Book pages

An affordable way to get great art is to frame a great illustration from a beloved book. I do it in my home and some pictures I have had up for years.

My store was started as a way to recycle, reuse beautiful old book illustrations from books that were damaged and unusable.

I had been framing them myself, but haven’t found a way to make that pay for itself, so now I mostly offer up the page, from a beautiful, damaged book, that you can frame yourself. It’s inexpensive and you can customize it.

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Get a Picture, and have it framed NEW @ GotchaChaCha ETSY

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I have for sale pages from books of GREAT illustrations. Buy one for $6, or get it custom matted and framed for another $20 + shipping (which I think is $12.35)

Something for everyone!

https://www.etsy.com/shop/GotchaChaCha?ref=l2-shopheader-name

Vintage Books for Sale at GotchaChaCha on Etsy

_DSC0012 _DSC0013This book is for sale on my Etsy site. It is titled “Young Years Library, Best Loved Stories and Poems” Book 4, edited by Augusta Baker, Children’s Coordinator at the NYC Public Library, 1965. I found an article about Augusta Baker by Barbara Bader in The Horn Book Magazine.

Bader writes, “In the children’s library world and beyond, Augusta Baker was known for two big things — transforming the image of blacks in children’s books and enlarging the reach of storytelling.” She also tells of the encounter with the poet Audre Lorde, who at 4 years old met Baker and credits her with instilling the love of literature and reading.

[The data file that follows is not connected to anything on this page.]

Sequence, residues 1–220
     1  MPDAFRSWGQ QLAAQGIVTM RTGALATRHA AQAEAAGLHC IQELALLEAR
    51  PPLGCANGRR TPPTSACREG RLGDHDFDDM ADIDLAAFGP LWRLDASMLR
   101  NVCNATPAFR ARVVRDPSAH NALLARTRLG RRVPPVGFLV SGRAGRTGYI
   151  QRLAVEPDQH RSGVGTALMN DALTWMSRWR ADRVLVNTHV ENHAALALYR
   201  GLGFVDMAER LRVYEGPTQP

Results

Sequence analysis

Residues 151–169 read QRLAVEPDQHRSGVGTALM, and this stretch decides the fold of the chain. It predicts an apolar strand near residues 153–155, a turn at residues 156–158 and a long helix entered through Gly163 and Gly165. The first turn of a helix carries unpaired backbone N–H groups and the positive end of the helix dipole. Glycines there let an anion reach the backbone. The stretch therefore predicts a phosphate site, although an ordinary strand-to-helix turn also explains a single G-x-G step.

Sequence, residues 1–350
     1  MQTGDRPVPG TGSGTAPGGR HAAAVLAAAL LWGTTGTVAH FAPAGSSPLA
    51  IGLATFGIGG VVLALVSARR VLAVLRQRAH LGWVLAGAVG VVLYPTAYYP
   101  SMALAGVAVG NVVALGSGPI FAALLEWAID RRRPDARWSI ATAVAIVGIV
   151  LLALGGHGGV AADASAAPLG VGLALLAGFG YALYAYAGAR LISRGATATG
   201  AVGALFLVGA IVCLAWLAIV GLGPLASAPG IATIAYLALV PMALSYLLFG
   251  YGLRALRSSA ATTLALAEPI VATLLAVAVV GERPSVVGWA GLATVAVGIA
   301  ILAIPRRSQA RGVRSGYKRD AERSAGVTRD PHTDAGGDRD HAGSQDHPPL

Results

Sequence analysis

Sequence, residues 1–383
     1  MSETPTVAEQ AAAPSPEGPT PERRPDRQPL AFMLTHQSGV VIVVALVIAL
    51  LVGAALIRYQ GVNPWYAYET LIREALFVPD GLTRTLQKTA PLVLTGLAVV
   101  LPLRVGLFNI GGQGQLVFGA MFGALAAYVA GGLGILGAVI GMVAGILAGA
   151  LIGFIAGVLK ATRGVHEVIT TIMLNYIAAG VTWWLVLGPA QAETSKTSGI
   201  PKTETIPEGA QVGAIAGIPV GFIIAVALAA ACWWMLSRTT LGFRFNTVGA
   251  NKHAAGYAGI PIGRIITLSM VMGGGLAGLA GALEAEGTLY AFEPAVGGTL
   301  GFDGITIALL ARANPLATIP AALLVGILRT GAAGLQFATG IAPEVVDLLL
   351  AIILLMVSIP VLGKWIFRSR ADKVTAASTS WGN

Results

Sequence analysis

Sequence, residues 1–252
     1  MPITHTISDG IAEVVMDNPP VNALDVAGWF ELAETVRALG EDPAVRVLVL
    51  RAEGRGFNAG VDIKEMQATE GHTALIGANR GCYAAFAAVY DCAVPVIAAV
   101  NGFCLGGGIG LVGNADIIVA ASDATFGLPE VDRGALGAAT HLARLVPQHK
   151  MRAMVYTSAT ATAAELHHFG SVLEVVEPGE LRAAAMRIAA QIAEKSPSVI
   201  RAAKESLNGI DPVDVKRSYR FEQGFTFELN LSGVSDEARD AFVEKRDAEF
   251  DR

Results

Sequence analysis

So you can see for yourself, in this delightful compilation, with sharp illustrations, and classic stories. The inside is in great condition, the edges of the cover are a bit beaten up, see the pictures at my listing.

New in store: more journals of the recycled variety

I am having so much fun making these! It has been a process, and the process shall probably continue to be tweaked, but I found something nice to do with these old books. I take the useful parts, and make something practical and functional, and I love utilitarianism. I use these books now all the time. The are happy, unique, and fun. Here are my latest two, up on my Etsy site GotchaChaCha:

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This is darling, “Little Miss Muffet”

by Estelle Kellogg, @A.M.F.

I have done a long internet search and could find out nothing about these two facts.

@A.M.F must be the manufacturer of this print, and Estelle Kellogg worked for the WPA in Conneticut during the depression. I have seen one other nursery rhyme print that matches this, but nothing else. Does this make this rare? Valuable? What I do know, is that it is super cute, and would be so sweet in a little girl’s room.

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